The Answer

There is only one combination of four letters that provides a safe and passable path across the lava pit. If at any time the four letters S-E-A-R are all pressed, the paladin’s head lowers and the glyphs become locked from changing, indicating success. On the far side of the lava pit, the tile mosaic of the dragon’s tail protrudes from the wall, forming a movable lever. This releases the character from the dragon’s mouth and returns the mouth to its original starting position. To reset the puzzle and platforms, the paladin’s head or dragon’s tail can be physically moved back into place.

Overcoming this puzzle could involve your players trying to randomly guess the correct combination of letters or thinking through plausible solutions. During this time, they may seek more information or clues. The GM can decide how much to reveal and when about the mechanism:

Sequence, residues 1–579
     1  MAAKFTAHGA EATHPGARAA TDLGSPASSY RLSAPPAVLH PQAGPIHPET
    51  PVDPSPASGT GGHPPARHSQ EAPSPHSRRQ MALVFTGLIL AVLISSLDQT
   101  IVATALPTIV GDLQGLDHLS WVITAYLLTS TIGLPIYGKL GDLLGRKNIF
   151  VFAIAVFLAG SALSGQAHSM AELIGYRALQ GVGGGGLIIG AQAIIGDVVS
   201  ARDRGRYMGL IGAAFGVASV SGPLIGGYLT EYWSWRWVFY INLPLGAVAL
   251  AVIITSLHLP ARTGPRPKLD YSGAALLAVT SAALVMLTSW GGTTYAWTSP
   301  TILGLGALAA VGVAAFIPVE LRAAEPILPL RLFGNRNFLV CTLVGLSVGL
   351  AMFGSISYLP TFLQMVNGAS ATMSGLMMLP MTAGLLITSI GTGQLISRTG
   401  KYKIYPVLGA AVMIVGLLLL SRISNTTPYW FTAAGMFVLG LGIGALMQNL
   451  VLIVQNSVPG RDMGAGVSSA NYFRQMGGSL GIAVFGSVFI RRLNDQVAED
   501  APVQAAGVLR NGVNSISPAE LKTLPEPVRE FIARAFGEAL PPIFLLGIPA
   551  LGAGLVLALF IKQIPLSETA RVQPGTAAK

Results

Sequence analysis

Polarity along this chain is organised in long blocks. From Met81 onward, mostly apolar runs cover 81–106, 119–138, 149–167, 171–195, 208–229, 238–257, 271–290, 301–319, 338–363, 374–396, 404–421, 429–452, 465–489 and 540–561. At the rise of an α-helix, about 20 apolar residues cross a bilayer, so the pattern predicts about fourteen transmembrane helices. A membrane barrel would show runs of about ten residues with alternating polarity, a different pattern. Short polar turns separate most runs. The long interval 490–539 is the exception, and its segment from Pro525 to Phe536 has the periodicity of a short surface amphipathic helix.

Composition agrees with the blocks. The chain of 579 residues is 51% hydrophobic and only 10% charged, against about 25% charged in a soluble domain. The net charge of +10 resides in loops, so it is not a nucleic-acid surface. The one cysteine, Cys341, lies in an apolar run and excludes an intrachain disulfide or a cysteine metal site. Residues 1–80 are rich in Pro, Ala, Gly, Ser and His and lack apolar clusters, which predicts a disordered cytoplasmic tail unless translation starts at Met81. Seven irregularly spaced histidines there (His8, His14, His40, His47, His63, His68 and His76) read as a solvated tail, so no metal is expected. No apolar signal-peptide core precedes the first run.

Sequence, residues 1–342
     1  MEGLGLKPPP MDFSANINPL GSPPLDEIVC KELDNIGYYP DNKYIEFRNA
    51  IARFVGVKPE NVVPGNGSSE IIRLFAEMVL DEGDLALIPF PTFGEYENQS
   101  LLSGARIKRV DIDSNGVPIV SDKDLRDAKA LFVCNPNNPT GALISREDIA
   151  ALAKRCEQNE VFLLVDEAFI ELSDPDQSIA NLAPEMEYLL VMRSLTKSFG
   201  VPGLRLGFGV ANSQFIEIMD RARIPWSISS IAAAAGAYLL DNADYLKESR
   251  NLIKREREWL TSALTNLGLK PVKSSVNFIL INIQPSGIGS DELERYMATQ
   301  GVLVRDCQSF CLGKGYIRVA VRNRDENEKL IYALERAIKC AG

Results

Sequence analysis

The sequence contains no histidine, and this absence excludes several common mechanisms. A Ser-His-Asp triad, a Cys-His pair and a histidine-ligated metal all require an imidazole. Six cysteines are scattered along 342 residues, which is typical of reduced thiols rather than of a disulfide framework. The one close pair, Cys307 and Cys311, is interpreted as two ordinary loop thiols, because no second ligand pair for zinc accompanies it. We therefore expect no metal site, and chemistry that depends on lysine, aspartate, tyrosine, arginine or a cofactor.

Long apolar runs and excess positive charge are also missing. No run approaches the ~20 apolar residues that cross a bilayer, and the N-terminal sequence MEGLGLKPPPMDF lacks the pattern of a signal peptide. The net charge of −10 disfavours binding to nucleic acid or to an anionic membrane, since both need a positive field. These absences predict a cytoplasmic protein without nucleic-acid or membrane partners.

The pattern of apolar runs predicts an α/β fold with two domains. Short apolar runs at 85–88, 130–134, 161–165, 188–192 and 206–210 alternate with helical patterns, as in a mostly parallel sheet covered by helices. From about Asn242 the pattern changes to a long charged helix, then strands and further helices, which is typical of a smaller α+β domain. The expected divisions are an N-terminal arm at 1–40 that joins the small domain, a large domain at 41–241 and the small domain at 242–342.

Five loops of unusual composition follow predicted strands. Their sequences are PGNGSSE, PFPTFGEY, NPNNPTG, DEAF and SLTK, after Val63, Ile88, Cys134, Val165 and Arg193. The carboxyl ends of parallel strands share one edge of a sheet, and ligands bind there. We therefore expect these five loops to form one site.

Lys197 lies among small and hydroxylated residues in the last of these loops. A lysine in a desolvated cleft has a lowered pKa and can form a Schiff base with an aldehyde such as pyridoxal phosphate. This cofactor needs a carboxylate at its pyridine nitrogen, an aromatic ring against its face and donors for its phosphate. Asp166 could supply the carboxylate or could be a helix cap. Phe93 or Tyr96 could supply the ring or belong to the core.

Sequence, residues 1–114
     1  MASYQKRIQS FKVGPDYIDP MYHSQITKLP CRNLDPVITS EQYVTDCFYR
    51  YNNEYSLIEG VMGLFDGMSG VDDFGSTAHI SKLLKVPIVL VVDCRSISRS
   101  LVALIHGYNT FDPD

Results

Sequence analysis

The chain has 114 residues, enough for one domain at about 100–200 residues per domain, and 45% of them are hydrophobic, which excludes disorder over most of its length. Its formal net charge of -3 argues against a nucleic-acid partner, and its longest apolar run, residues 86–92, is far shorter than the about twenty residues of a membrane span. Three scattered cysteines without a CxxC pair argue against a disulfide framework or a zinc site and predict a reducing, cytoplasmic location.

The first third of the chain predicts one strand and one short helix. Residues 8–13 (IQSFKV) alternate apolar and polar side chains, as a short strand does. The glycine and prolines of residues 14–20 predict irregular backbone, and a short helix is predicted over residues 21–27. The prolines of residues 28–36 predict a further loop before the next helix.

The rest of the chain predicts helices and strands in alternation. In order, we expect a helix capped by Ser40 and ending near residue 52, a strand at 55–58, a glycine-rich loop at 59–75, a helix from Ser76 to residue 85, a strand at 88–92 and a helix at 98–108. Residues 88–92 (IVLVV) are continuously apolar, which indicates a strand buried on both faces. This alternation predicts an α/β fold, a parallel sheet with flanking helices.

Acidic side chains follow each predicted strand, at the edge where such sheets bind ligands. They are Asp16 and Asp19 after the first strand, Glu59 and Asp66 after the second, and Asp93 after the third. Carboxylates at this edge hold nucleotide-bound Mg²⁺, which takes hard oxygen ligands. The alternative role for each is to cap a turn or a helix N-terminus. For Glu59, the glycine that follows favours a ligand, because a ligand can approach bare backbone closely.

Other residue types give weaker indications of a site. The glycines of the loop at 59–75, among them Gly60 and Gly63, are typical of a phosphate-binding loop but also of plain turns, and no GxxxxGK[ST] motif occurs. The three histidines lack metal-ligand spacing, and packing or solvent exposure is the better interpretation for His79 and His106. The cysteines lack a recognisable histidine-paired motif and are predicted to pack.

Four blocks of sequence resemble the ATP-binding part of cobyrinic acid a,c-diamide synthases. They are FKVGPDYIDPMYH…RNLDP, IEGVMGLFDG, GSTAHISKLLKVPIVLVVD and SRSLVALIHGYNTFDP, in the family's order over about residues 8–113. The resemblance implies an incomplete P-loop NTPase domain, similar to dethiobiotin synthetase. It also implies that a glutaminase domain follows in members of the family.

Perception DC 15—Based on the fact that only four glyphs can be pushed, it is likely that the solution is a four-letter word.

History DC 18—Reshkyrn was a ferocious red dragon who was known for dwelling near active volcanoes, roasting would-be dragon slayers. He was overwhelmingly narcissistic.

History DC 22—The paladin portrayed here, Elrik, was avenged by his two siblings, Sym and Alana.

NOTE: The letters, backstory, answer, and hints of this puzzle can be changed to suit the needs of a campaign by swapping the letters out and modifying the story.

8 Replies to "Puzzles and Pitfalls (Part 1)"

Orphaeus

November 14, 2012 at 9:37am

Wonderfully constructed puzzle. I like the part where the character has to stay in the maw while the party negotiates their escape! Well done good man.

JK

November 14, 2012 at 9:56am